Homeland And Other Stories, by Barbara Kingslover
I got this book to read from the library because it had a story on St. Lucia and my library does not have many books on the subject. Like much of the fiction I read , this book is full of Nathanish characters, at least a couple of which are actually named Nathan. Although the book is from a well-regarded author, this was not an enjoyable book to read. Not only do I not particularly enjoy reading short stories about the sort of subject matter that the author tackles, since they work better as therapy for the writer than enjoyable or edifying reading, but the author’s perspective is generally defective as well. Ultimately, there is material here that could be used in a redemptive fashion, but the author is unfortunately one of those who prefer to wallow in the mud and mire rather than reach for the stars. There is a lot of mire to be found here, and it is not enjoyable to read, not on the level of the individual stories themselves, and certainly not when the book is taken together as a larger whole, unified only by its dark perspective on the world and its love of the fallen and rebellious state of humanity.
This book, which contains a bit more than 240 pages, is composed of twelve samey stories about dysfunctional and broken families. If you want to see the panoply of defective alternative family models and the hollowness and emptiness of contemporary left-wing social politics, this book is a refutation of the worldview of its author. Included in this volume is a book about part-Cherokee with a family tradition of illegitimacy returning to the homeland and finding it a touristy place no one can recognize or appreciate, a story about two selfish live-in parties living in the country, a struggling single mother with an impossibly mature child dealing with the demands of life, a book about an unwise woman with a clever daughter carrying on an adulterous affair in the disappointing petrified forests of the southwest, a coming of age tale of a young woman worried about marriage and desiring to leave her small town behind like her mother did before, a story of two pregnant single women, mother and daughter, and their dysfunctional relationship, a story about two thieves who fall in love and take advantage of the elderly to profit off of antique sales, another story of a broken family and an unwanted return to an unhappy home, a story of hoodoo and Catholicism mixing in Saint Lucia full of malice and witchcraft, a melancholy teen lesbian romance, and a story of a leftist labor organizer and her struggles to keep her family and community together in the face of pressure from stereotypically exploitative business and police efforts to break a strike. There was a lot here to irritate and annoy and offend.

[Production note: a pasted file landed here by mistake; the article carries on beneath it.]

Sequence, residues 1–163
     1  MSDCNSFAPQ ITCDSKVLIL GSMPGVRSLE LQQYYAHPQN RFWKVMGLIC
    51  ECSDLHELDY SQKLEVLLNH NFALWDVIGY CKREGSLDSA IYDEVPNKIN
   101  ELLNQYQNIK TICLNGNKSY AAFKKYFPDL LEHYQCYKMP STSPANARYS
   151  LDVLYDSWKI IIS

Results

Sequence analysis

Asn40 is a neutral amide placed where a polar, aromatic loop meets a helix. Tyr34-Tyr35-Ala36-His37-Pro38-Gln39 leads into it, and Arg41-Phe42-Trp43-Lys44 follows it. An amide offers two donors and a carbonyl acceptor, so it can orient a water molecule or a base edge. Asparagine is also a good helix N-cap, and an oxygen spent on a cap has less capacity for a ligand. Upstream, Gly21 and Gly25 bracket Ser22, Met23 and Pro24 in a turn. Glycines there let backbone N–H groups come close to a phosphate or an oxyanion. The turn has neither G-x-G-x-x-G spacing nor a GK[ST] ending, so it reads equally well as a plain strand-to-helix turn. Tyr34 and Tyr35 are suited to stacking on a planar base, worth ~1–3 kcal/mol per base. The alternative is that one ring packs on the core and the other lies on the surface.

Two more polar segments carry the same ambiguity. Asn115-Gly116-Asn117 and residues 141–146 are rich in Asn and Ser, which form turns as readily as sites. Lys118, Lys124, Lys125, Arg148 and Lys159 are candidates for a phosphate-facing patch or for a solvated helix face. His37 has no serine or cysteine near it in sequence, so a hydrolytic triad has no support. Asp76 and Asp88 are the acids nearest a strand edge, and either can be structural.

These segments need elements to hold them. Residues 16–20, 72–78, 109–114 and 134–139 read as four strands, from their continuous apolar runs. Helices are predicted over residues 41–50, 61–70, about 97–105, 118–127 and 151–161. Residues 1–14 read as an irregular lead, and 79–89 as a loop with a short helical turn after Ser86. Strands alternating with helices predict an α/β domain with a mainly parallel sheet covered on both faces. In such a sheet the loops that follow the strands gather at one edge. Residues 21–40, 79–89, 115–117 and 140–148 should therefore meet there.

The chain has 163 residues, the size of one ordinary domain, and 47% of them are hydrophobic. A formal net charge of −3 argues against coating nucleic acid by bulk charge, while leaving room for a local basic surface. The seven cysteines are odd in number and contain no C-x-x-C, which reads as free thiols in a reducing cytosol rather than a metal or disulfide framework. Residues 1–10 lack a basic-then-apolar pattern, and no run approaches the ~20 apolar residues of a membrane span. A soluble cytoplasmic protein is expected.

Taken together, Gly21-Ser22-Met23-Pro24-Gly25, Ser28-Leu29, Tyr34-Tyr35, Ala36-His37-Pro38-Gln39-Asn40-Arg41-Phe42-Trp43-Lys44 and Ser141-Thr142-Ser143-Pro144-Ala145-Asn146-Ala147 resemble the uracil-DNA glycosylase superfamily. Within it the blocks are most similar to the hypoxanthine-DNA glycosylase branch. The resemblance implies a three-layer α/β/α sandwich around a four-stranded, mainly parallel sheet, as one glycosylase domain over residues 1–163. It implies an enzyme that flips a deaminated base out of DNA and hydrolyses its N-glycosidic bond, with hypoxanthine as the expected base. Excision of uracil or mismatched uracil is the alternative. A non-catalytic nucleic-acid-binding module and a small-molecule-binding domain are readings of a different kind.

It is a well-known cliche that every unhappy is unhappy differently, but that is not really the case when one becomes intimately familiar with unhappy families. Unhappy families are often unhappy for the same boring reasons that one finds in story after story here. There is an absence of respect, of legitimacy, of regard for God or for others, of honor and love and communication. These stories walk over the same ground over and over again, looking at people who are deluded in many ways, and the stories themselves end up being far too samey after a while. There are only so many dysfunctional situations one can look at, so much bogus and smug left-wing hypocrisy and self-righteous moralizing before one declares the whole book to be garbage. This is one of those volumes about which it can be said without a shadow of a doubt that the world would be better without such a volume, and that the paper would have been better spent in almost any other possible way.
 See, for example: